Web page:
If you want to check out the film of Les Karellis, its here Otherwise you can go to the Vids page and see it there.

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Another one of France’s hidden secrets: La Féclaz

AHSkierBetween the cities of Chambéry and Annecy in the French Alps, lies a mountain range called the Massif des Bauges. It is part of the French pre-Alps and contains a number of summits above 2,000m – meaning that in the winter time there is plenty of snow. If you’re into a ski ‘resort’ with short lift-lines and pretty amazing views over the Lac du Bourget, then you ought to take a detour towards Le Revard, La Féclaz and St. François de Sales (together known as the Grand Revard). It’s also oddly known as “Little Canada” primarily because it resembles the vast winter tundra of the Canadian west: miles of rolling sunlight clearings spotted by thick evergreen forests, exhibiting only the peace and tranquility a winter tundra can provide.

Although situated in the mountains, the whole ski range is on a high-plateau, thus allowing for miles and miles of endless Nordic skiing. In fact, the resort reputes itself as being the number one French destination for Cross-Country skiing with Alpine sking and snowpark activities as secondary attractions. But if the skiing isn’t enough for you, there are snowshoeing itineraries, dog-sled rides, tobogganing, ski-touring, snowscooting and an old form of Savoyard sledding called yonner. To top it all off the ski passes couldn’t be at a better price: a five-day pass costs 70 euro and gives you full access to all the services I mentioned above.

It is without a doubt one of the most impressive ski areas in Southwest France, and not overrun with hundreds of skiers. You can stay in any one of the Chambre d’hôtes found in the mountains or in any one of he hotels in the valley. For a bit more you can get the 5-day pass and bus transport. In fact, many shuttle busses leave daily from Aix-les-Bains and Chambéry making this little-known-little-Canada a perfectly convenient destination for anyone interested in breaking new ground on the skinny skis.

If you go up early in the day, remember how cold forests can be (regardless of how hot you’ll get later on in the day). Temperatures were well freezing at even 9:30 am as we cut through the thick of the forest. Thankfully, the ticket booth and the main activities area are all located right where the sun’s rays come shining through even at 8:00 am. But dress warm, lots of layers and a good change of clothes for when you’re hanging out at the Creux de Lachat drinking vin brûlé and experiencing that post warm/cold bliss that’s as delicious as the mountains surrounding you.

Compètences et Talents – Living in France

For those who are interested in pursuing a career/life in France, the Pres. Sarkosy has recently instated (2008) a new visa aimed at streamlining foreign entrepreneurs who wish to work in France. Since there is very little on the subject except for a well detailed French Embassy site in Washington DC, I thought it would be helpful to include here all of the necessary paperwork needed in the French US-based consulates. Keep in mind that the criteria is tough, since the French are looking for serious business – they will not accept any application that seems weakly prepared. The list should include the following items:

a) Visa Application for long séjour: 2 copies
b) Multi-page project description: if you write it in French its better. They only ask for 1 page, but you’d be smart to write several detailed pages (mine was 7). Include the following:
–     How project will benefit France and include where in the project there is a strong component of multicultural sharing.
–     Goals of Project: What is it specifically you intend to do? What are the benefits for everyone involved?
–     Business Plan: if you’re an independent contractor, its good to have a translated business plan.
–     Estimated Income: very ball-park, but put in how much you are expecting to earn over the first three years.
c) Birth Certificate (original, photocopies and translation)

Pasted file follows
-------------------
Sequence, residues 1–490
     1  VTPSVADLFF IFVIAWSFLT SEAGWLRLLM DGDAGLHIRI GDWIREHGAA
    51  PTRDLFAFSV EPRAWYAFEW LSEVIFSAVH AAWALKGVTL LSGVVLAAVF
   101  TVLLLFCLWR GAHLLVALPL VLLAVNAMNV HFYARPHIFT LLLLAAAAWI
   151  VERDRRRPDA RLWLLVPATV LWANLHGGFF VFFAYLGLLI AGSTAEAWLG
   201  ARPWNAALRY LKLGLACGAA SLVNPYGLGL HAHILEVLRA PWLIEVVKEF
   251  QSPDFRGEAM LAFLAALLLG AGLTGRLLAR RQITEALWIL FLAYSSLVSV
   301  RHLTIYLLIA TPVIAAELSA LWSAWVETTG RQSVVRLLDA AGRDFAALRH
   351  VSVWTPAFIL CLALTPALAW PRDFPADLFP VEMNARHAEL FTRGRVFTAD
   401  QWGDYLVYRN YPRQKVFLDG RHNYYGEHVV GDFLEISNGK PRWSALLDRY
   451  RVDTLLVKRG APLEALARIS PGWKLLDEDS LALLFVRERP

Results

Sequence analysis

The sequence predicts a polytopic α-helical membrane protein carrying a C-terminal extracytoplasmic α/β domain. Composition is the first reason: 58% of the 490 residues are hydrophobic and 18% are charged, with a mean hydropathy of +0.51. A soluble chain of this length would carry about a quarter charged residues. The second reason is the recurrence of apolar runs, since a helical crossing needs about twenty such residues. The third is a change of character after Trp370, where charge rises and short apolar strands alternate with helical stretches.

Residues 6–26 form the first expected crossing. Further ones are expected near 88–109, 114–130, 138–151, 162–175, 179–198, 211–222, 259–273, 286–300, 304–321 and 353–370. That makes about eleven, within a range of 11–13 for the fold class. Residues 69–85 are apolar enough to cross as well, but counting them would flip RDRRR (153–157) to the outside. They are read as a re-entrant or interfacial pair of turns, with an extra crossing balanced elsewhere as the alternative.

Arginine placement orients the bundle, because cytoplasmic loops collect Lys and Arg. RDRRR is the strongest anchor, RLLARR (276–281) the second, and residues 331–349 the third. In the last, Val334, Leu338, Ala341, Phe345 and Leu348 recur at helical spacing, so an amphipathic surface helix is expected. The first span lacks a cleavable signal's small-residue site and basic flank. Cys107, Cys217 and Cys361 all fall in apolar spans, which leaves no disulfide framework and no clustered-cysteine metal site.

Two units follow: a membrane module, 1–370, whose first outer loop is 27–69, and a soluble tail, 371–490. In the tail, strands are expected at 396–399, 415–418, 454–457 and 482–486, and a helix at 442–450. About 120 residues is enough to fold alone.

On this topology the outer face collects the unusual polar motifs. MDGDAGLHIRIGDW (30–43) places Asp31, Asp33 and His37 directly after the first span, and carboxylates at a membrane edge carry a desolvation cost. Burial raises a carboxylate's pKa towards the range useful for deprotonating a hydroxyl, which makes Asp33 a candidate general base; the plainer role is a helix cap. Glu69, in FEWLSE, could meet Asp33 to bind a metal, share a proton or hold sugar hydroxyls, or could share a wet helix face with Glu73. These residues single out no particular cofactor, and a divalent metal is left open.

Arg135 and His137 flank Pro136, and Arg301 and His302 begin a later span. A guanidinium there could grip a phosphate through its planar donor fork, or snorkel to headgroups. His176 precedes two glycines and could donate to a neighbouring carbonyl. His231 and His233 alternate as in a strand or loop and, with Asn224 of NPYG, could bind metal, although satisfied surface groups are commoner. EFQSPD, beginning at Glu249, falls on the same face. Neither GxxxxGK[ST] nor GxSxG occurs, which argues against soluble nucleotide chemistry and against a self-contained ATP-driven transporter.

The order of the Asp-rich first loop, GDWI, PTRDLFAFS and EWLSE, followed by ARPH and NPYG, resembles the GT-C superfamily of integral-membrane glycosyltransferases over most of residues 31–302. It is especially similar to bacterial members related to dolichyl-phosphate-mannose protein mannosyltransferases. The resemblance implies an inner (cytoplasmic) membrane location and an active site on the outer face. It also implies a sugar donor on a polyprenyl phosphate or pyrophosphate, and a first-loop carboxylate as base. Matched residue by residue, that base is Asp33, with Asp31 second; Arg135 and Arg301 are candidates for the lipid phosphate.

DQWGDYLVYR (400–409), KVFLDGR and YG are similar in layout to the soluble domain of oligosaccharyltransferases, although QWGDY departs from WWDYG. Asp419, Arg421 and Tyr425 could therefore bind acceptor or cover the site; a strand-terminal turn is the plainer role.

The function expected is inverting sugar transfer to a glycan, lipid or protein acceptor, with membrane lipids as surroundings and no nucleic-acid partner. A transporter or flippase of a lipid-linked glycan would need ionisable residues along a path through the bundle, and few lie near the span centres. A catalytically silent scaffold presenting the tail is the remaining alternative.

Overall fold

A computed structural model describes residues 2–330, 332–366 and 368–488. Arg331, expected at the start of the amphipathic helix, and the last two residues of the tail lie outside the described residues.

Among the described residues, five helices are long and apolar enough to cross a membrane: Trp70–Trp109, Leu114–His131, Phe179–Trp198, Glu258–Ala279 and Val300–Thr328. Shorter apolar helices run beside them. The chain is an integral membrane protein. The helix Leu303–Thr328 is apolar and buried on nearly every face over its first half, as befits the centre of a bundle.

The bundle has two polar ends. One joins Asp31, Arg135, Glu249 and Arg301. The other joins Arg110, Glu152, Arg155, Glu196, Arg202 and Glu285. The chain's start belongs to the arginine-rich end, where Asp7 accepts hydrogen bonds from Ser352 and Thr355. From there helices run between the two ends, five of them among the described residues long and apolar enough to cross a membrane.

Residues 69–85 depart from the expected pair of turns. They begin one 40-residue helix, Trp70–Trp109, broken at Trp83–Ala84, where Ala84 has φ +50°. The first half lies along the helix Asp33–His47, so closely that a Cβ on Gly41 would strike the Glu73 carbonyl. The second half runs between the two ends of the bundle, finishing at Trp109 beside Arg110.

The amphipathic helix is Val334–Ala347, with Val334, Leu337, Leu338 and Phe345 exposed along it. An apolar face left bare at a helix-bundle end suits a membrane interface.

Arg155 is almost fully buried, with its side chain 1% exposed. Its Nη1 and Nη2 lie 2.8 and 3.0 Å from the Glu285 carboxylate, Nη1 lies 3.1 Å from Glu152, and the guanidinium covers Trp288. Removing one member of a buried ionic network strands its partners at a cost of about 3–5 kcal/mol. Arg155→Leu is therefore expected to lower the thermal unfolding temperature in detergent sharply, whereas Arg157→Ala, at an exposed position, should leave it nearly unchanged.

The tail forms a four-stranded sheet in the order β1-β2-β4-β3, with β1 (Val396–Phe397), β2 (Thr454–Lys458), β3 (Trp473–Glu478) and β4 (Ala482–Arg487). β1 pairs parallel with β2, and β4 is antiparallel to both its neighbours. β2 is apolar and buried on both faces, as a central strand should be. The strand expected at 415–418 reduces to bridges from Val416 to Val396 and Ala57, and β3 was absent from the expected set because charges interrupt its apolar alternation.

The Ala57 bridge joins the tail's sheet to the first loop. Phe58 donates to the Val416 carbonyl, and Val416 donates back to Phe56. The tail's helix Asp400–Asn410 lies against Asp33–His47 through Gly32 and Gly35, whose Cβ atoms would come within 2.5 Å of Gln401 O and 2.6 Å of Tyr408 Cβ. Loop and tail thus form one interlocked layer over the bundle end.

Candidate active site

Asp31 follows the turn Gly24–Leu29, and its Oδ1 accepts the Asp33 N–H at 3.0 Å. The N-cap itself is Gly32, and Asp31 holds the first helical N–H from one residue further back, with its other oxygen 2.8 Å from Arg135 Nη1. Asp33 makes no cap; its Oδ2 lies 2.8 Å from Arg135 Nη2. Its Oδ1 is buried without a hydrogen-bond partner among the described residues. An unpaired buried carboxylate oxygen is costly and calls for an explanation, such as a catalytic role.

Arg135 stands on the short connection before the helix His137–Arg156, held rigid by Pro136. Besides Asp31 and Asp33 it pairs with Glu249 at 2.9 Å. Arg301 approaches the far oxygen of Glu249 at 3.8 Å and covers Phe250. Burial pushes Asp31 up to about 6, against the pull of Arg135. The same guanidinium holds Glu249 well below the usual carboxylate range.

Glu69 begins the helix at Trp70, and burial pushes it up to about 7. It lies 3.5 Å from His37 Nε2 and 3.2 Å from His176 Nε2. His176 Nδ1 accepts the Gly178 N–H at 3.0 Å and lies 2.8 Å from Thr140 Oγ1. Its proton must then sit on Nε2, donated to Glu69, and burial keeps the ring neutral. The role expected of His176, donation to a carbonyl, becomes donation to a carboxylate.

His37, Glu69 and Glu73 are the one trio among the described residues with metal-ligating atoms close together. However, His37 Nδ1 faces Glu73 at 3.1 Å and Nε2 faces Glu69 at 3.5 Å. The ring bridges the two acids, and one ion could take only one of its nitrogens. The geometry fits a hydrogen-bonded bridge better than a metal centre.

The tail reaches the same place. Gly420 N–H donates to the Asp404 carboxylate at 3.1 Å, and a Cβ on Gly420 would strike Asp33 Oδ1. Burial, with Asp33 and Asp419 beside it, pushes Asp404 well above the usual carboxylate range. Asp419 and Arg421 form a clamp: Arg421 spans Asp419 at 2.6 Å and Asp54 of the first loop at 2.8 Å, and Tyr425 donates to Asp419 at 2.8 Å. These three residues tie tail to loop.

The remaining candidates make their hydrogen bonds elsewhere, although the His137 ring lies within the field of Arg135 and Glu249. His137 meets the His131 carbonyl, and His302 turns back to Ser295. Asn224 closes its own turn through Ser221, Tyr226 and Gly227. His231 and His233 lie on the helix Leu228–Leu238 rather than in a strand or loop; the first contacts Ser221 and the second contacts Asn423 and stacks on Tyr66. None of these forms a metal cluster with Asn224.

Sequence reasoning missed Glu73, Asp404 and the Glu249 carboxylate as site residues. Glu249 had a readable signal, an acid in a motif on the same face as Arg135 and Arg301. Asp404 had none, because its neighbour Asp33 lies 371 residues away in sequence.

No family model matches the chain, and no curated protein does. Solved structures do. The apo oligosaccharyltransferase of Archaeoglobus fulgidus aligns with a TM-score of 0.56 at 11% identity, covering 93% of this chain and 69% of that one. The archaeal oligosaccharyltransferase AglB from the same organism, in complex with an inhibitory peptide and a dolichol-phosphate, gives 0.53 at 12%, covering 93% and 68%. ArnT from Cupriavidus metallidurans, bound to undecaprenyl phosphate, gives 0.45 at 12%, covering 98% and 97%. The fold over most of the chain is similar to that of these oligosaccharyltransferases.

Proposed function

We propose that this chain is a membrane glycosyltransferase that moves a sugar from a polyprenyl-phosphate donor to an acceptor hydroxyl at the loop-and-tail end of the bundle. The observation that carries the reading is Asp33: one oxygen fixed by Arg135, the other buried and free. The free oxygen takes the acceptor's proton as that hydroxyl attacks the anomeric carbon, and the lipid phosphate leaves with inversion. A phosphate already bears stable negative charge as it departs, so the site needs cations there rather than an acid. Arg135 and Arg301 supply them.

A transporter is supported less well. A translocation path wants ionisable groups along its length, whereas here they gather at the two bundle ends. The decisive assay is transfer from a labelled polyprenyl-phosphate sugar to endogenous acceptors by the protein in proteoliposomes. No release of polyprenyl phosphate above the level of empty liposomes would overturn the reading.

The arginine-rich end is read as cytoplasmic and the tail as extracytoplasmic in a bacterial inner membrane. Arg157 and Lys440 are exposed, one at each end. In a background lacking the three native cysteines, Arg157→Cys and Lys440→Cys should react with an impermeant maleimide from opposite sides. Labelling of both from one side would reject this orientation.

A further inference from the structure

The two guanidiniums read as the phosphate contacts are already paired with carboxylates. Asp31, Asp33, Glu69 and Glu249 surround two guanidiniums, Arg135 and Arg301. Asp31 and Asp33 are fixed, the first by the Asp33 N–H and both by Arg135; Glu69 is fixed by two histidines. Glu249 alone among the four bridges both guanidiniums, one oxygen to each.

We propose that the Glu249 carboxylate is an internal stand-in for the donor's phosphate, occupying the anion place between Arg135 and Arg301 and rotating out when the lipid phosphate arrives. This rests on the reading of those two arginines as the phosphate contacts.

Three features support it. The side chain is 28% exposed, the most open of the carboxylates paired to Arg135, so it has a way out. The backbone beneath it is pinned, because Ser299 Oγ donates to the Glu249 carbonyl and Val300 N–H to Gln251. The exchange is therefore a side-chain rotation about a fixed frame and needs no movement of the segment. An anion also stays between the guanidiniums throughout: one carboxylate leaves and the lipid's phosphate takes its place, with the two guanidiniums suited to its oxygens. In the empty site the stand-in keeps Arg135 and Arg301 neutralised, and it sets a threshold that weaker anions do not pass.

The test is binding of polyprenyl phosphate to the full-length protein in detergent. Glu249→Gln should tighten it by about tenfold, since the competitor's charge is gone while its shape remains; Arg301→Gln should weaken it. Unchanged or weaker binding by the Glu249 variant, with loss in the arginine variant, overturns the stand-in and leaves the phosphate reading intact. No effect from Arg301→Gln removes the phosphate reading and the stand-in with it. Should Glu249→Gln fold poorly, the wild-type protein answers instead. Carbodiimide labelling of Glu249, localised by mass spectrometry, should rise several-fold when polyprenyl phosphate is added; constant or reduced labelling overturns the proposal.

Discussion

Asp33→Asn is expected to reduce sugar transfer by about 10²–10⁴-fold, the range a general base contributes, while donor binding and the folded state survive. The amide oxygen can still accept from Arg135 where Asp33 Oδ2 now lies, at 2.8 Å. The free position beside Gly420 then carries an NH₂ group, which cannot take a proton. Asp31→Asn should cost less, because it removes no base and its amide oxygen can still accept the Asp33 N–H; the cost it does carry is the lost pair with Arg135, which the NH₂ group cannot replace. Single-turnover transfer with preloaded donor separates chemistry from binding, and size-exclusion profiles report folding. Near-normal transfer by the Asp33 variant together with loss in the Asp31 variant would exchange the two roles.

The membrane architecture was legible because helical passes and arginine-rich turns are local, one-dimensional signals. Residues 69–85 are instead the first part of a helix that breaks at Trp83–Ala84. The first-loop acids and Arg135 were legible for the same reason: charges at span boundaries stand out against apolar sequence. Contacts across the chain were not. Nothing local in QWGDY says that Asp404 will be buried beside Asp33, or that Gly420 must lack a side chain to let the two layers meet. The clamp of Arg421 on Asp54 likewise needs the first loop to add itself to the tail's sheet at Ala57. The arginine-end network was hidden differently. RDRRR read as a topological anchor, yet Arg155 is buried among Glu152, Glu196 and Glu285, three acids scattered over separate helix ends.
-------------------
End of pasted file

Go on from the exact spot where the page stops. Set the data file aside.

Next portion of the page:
d) CV (in French)
e) Diplomas: for this visa you need an M.A. I’m sure they will make some exceptions, but I haven’t heard of any yet. If you don’t have an M.A., they will probably not consider you for the visa.
f) Tax returns for any given tax year as well as any bank and investment info (they want to see you have cash).
g) Customer Testimonials and references: if you’re in sales, give a list of customer references as well as professional references.
h) Articles: if there are any write-ups about you in any newspaper, magazine doing what you do then add it along.
i) Any sample work that can be incorporated is a great help as well (i.e.: if you’re in design add some of your portfolio).
j) Criminal Record Check – this is fundamental
k) 4 official pictures
l) approx: 150$ application fee

A big thanks to Erin who went through the whole grueling process before me, so that I was able to fly my application by without any trouble. My application was for an entrepreneurial endeavor – there are also possibilities for people who are employed with French companies to apply for the same visa, but a few more documents need to be put into the application (such as the cerfa document, etc.).

I put all of these documents in order of importance (project description and business plan first, birth certificate second, etc.) into a three-ring binder which had tabs along the side, so the consulate could easily find whichever document it was looking for. Then of course the outside of the binder was labeled as well with my name, the date, my passport number and the type of visa I was applying for.

Seems like too much? Maybe, but at my consulate I was told that I was the second person to get the visa. Plus, the organization of the paperwork (and maybe giving all the documents necessary) prevented me from having to go back to the Consulate every week to bring them one more piece of paper. I got the visa in 1 month so I must have done something right.

2010 New start?

Many say that 2010 is the year of new beginnings. In fact, many friends I’ve spoken to say that January 2010 has been the pinnacle month for making drastic changes in their life. Frankly, I think it’s all crap. The Gregorian calender was made in part to measure the movement of the celestial bodies, but I think it it a continuous reminder of how finite our lives really are (certainly by 1582 they realized that). In all, 2010 has no more importance than 1974 or 1312. I’m not a pessimist, but a realist: the time we have on this planet is short. You can either work, play, find a happy medium of both, or play while working. The latter is what this blog is all about. I have not changed anything in my life over the past 10 – 15 years (well, small changes sure) and this public display of what’s happening through my eyes is intended for my friends, family and anyone else keen on doing things differently in their lives. From skiing in Zermatt, Switzerland, to sipping Mersault on a wintry afternoon in France; from biking in Girona, Spain, to eating steamers and chowdah in Marblehead, MA, I hope that within these rambles you’ll find something interesting to entertain and advise. If you have any comments, don’t keep them to yourselves. Let me know what you think – all comments will be answered in due time, regardless of how finite time is.